Sore throat - tonsillitis
Tonsillitis is inflammation (swelling) of the tonsils.
If your child often has a sore throat, trouble swallowing, and ear pain, she may have a problem with her tonsils. So, what causes tonsillitis? The tonsils are small, dimpled, golf ball-like nodes on either side of the back of your child's throat. They normally help to filter out bacteria and other germs to prevent infection in the body. If the tonsils become so overwhelmed with bacteria from strep throat or a viral infection, they can swell and become inflamed, causing tonsillitis. Your child's doctor will look in your child's mouth and throat for swollen tonsils. The tonsils will probably be red and may have white spots on them. The lymph nodes in your child's jaw and neck may be swollen and tender to the touch. The doctor may test your child's blood for infection. If bacteria are the cause, your child will probably need to take antibiotics, either in a shot or in pill form. If your child needs to take antibiotic pills, make sure she takes all of the medicine. To comfort your child, give her cold liquids and popsicles. Gargling with salt water can help. She can also take over-the-counter medicine like acetaminophen or ibuprofen for her pain and fever. Tonsillitis usually improves two or three days after treatment starts. The infection usually goes away too, but some people may need to take antibiotics for longer. If your child has a great many repeated infections, surgery may be recommended to remove her tonsils, but this is no longer a common reason to have the tonsils out.
The tonsils are lymph nodes in the back of the mouth and top of the throat. They help to filter out bacteria and other germs to prevent infection in the body.
A bacterial or viral infection can cause tonsillitis. Strep throat is a common cause.
The infection may also be seen in other parts of the throat. One such infection is called pharyngitis.
Tonsillitis is very common in children.
Exams and Tests
Your health care provider will look in the mouth and throat.
- The tonsils may be red and may have white spots on them.
- The lymph nodes in the jaw and neck may be swollen and tender to the touch.
A rapid strep test can be done in most providers' offices. However, this test may be normal, and you can still have strep. Your provider may send the throat swab to a laboratory for a strep culture. Test results can take a few days.
Swollen tonsils that are not painful or do not cause other problems do not need to be treated. Your provider may not give you an antibiotic. You may be asked to come back for a checkup later to assess your progress.
If tests show you do have strep, your provider will give you an antibiotic. It is important to finish all of your antibiotic doses as directed, even if you feel better. If you do not take them all, the infection can return.
The following tips may help your throat feel better:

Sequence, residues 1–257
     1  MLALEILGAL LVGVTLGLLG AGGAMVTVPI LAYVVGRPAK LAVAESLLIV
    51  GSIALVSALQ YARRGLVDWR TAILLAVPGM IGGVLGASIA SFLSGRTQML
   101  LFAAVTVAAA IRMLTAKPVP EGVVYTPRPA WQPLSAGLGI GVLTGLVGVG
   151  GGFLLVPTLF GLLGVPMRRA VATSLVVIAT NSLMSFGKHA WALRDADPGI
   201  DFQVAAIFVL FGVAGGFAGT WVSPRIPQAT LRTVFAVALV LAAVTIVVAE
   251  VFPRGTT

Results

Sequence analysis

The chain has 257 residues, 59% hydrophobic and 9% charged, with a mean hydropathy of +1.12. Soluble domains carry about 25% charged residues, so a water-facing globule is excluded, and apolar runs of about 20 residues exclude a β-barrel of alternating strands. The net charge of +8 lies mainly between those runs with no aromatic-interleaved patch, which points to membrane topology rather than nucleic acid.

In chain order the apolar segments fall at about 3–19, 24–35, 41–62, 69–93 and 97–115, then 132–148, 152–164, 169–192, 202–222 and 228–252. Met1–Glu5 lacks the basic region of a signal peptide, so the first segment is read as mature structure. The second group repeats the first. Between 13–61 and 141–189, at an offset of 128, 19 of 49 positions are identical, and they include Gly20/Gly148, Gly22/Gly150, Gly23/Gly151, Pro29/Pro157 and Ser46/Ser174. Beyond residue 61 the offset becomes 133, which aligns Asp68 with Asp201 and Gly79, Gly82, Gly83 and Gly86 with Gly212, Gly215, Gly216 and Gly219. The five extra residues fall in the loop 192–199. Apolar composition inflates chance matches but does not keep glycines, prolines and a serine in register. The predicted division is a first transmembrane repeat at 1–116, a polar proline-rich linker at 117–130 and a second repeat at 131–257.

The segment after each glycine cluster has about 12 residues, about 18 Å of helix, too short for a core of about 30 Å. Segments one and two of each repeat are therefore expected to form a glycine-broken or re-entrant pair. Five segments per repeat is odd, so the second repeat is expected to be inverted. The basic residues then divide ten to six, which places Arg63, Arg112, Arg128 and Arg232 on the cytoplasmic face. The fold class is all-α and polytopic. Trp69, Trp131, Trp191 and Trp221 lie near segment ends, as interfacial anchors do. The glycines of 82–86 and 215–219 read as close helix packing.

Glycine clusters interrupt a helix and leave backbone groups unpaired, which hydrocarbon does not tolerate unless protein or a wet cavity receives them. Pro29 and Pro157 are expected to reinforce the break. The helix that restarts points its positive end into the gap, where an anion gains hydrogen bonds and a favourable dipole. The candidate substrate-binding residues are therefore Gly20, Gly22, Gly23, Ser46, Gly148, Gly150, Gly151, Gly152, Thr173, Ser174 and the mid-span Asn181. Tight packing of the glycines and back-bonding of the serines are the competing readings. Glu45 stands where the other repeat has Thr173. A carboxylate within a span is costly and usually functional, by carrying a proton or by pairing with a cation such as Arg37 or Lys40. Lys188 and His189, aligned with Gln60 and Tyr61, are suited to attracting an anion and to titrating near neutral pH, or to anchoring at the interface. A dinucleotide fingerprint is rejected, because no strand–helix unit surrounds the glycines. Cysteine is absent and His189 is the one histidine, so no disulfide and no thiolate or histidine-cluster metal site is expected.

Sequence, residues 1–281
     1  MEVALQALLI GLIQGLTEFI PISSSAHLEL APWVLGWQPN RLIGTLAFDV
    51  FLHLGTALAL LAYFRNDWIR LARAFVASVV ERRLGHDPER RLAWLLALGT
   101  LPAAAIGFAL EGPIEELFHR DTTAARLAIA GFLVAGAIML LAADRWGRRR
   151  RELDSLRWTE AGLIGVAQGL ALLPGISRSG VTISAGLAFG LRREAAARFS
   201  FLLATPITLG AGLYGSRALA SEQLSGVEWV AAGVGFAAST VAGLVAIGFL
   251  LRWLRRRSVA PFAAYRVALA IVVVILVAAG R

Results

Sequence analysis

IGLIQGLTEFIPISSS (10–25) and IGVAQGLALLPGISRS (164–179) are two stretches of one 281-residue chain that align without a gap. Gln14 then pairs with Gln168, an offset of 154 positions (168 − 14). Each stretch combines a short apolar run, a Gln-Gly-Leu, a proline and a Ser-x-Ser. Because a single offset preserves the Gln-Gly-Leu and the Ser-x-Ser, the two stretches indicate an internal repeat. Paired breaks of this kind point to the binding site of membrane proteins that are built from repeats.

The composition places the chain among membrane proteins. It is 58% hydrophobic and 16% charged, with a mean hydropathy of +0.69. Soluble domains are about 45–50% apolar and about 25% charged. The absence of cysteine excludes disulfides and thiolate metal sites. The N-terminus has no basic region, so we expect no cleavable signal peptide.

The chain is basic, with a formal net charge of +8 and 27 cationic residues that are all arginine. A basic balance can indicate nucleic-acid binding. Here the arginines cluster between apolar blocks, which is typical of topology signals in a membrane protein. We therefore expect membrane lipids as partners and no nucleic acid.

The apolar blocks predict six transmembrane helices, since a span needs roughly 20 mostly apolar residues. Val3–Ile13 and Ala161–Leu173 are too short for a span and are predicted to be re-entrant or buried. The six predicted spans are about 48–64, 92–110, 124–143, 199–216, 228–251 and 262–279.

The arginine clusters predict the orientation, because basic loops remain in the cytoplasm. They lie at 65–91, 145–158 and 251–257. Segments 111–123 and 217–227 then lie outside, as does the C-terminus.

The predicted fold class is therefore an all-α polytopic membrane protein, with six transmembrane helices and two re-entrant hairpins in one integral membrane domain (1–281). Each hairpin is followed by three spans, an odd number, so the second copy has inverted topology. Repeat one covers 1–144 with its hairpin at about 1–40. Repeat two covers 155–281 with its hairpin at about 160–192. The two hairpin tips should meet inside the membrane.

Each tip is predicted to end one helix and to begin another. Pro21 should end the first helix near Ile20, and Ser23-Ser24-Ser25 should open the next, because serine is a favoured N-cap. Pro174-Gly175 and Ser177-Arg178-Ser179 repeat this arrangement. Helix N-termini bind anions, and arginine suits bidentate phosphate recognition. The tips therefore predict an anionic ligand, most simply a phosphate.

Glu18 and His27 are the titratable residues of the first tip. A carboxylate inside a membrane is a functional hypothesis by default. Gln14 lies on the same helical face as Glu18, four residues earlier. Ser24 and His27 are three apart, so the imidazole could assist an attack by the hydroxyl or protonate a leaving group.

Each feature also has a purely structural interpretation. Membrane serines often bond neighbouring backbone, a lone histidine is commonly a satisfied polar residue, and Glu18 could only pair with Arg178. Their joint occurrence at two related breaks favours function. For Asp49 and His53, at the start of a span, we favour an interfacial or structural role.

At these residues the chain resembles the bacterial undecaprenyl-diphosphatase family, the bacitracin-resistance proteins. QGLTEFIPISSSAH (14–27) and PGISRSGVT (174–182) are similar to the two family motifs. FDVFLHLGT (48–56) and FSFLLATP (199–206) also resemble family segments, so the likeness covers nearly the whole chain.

- Drink cold liquids or suck on fruit-flavored frozen bars.
- Drink fluids, and mostly warm (not hot), bland fluids.
- Gargle with warm salt water.
- Suck on lozenges (containing benzocaine or similar ingredients) to reduce pain (these should not be used in young children because of the choking risk).
- Take over-the-counter (OTC) medicines, such as acetaminophen (Tylenol) or ibuprofen to reduce pain and fever. DO NOT give a child aspirin. Aspirin has been linked to Reye syndrome.
Some people who have repeated infections may need surgery to remove the tonsils (tonsillectomy).
Tonsillitis symptoms due to strep will often get better within 2 or 3 days after you start the antibiotics.
Children with strep throat should be kept home from school or day care until they have been on antibiotics for 24 hours. This helps reduce the spread of illness.
When to Contact a Medical Professional
Contact your provider if there is:
- Excess drooling in a young child
- Fever, particularly 101°F (38.3°C) or higher
- Pus in the back of the throat
- Red rash that feels rough, and increased redness in the skin folds
- Severe problems swallowing or breathing
- Tender or swollen lymph glands in the neck
Chi DH, Tobey A. Otolaryngology. In: Zitelli BJ, McIntire SC, Nowalk AJ, Garrison J, eds. Zitelli and Davis' Atlas of Pediatric Physical Diagnosis. 8th ed. Philadelphia, PA: Elsevier; 2023:chap 24.
Mitchell RB, Archer SM, Ishman SL, et al. Clinical practice guideline: tonsillectomy in children (update) - executive summary. Otolaryngol Head Neck Surg. 2019;160(2):187-205. PMID: 30921525
Wetmore RF. Tonsils and adenoids. In: Kliegman RM, St. Geme JW, Blum NJ, Shah SS, Tasker RC, Wilson KM, eds. Nelson Textbook of Pediatrics. 21st ed. Philadelphia, PA: Elsevier; 2020:chap 411.
Last reviewed on: 10/31/2022
Reviewed by: Neil K. Kaneshiro, MD, MHA, Clinical Professor of Pediatrics, University of Washington School of Medicine, Seattle, WA. Also reviewed by David C. Dugdale, MD, Medical Director, Brenda Conaway, Editorial Director, and the A.D.A.M. Editorial team.